|Andy Hoffecker loves to talk history, but he'll probably take it a step further than most people. He'll more than likely want to know how the historical concept or philosophical system under discussion fits into the worldview that governs your life. If he gets a blank stare, he'll just smile and assume that's his cue to enlighten you on one of his favorite subjects.|
Professor of Church History at RTS/Jackson since 1997, Andy held the same position at Grove City College in Grove City, Pennsylvania, for a quarter of a century, teaching more than twenty different courses during his tenure there. But it was in the area of apologetics and worldview issues that he really excelled. After designing an interdisciplinary course on worldviews, he co-edited with Grove City colleague Dr. Gary Smith the highly popular Building a Christian Worldview (P & R). The two-volume work is still used as a text for the course at Grove City and other Christian colleges around the country.
The reason they do so is because he breaks complex issues down to a palatable size so students can digest them. "He is a very practical scholar-teacher," says Smith. "His scholarship is geared more toward students and laity than an elite group of academicians. He translates theological ideas clearly into everyday life and his lectures come alive. Drawing connections between hundreds of years of history and sophisticated theological issues is a tough job that he does extremely well."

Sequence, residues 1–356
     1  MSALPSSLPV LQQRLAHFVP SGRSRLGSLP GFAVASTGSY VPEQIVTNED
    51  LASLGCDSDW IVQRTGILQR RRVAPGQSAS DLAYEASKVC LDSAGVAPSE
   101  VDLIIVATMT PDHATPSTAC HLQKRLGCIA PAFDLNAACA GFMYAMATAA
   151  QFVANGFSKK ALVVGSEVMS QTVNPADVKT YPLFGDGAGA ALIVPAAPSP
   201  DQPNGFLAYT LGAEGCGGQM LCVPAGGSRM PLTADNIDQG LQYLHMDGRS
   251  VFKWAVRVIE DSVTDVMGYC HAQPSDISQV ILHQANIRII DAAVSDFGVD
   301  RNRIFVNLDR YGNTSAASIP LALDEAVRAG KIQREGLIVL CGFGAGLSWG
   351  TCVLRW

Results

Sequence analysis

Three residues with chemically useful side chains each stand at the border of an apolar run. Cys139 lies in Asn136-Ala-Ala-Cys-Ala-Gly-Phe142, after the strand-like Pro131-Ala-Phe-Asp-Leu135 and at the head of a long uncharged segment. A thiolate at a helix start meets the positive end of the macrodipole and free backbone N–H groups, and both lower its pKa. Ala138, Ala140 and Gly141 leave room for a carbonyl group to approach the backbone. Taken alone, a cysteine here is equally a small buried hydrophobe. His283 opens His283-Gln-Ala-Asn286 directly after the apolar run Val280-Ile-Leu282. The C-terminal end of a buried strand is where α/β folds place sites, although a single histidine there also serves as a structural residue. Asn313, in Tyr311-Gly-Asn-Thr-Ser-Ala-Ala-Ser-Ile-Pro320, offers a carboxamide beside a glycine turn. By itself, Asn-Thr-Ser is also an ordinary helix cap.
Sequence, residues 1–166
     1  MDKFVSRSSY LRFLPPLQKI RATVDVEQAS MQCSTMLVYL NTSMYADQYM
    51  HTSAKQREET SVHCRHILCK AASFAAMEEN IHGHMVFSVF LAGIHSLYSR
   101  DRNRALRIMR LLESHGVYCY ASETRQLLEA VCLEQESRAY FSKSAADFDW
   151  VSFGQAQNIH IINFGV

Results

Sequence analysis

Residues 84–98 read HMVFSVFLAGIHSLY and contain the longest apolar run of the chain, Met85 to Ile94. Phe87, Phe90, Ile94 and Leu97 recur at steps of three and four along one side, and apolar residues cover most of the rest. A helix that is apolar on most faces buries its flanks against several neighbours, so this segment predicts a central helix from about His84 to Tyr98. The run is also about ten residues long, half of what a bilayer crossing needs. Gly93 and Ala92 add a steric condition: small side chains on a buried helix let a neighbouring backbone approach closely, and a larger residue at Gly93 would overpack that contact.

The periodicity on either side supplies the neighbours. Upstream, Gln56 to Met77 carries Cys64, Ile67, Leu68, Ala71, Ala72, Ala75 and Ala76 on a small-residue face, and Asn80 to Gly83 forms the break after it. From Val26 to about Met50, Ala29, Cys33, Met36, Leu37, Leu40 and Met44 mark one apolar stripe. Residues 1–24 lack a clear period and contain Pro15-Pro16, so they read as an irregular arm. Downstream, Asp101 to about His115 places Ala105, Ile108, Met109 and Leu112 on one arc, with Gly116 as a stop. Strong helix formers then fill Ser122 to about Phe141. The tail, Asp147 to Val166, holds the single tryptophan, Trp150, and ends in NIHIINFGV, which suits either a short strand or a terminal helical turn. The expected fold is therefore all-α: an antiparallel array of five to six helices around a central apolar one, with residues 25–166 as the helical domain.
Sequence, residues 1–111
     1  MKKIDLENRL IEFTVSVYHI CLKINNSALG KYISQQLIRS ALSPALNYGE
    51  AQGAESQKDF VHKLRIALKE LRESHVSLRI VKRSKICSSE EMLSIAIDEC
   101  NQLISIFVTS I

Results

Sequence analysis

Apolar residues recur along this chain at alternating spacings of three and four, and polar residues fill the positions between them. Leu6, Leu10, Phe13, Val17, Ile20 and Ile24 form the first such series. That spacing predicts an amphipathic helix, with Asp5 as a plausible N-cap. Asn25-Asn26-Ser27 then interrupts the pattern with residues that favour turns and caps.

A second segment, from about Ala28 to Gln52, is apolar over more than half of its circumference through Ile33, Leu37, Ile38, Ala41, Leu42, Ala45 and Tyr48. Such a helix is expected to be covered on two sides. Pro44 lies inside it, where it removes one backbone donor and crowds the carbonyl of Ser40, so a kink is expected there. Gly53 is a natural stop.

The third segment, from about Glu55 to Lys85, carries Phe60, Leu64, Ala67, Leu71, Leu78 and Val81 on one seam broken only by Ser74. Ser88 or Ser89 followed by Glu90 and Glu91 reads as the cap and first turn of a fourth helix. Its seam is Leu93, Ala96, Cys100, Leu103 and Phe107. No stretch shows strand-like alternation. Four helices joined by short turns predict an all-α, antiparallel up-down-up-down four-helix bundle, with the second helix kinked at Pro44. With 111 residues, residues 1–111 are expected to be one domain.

JUST WHAT IS A WORLDVIEW?
The word actually comes from the German weltanschaaung, coined by Immanuel Kant in 1790. It refers to how one looks at the world and life, and how that view influences the way one lives. Everyone has a basic perspective - convictions, axioms, presuppositions that help him interpret reality and make ethical choices. We usually don't examine them, though, just as we don't smell our noses.
But it's even more. "A worldview basically is the religious orientation of a person," explains Andy. "'Religion' comes from the Latin religare, meaning 'to commit or bind.' Thus, all of life is religious. The atheist can be religious - he's religiously against the fact that there is a God. A famous America's Cup captain once was asked what it took to be one of his crew. He replied, 'If someone is willing to put sailing before his spouse, his religion, everything, I consider him for a member of my crew.' Sailing, then, was this man's religion. No one can refuse to hear the Gospel because they aren't 'religious' - a non-religious person does not exist."
A person's religion, then, becomes what he is committed to. Some people are committed to power, others are bound to their jobs, some to various fears or phobias. When the apostle James talks about religion, he does not mention going to church or reading the Bible, but how one uses his tongue. Does a person's faith show by the language he uses, by his behavior? Does the Christian businessman ask questions such as: Does my product enhance the culture? Are my employee benefits the best I can do or am I more interested in showing a maximum profit? One doesn't need Marx to teach social imperatives; one need only read the Old Testament prophets who questioned the Israelites' economic practices and called them to task for their treatment of the poor.